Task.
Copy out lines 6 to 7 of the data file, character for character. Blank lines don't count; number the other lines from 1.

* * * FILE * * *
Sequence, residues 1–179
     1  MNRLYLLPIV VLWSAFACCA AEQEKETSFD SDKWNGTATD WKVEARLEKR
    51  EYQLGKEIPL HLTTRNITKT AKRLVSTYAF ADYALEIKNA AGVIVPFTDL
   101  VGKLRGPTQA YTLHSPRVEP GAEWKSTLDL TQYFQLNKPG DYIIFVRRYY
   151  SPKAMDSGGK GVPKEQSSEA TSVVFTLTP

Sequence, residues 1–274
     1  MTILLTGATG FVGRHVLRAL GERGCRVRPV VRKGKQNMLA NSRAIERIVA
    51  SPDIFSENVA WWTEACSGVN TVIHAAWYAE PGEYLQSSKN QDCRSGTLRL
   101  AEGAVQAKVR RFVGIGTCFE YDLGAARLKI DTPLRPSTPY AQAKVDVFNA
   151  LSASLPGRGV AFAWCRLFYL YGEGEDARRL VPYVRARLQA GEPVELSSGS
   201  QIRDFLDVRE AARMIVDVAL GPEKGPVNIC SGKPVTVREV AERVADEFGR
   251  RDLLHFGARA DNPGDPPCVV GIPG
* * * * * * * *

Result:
Sequence, residues 1–274
     1  MTILLTGATG FVGRHVLRAL GERGCRVRPV VRKGKQNMLA NSRAIERIVA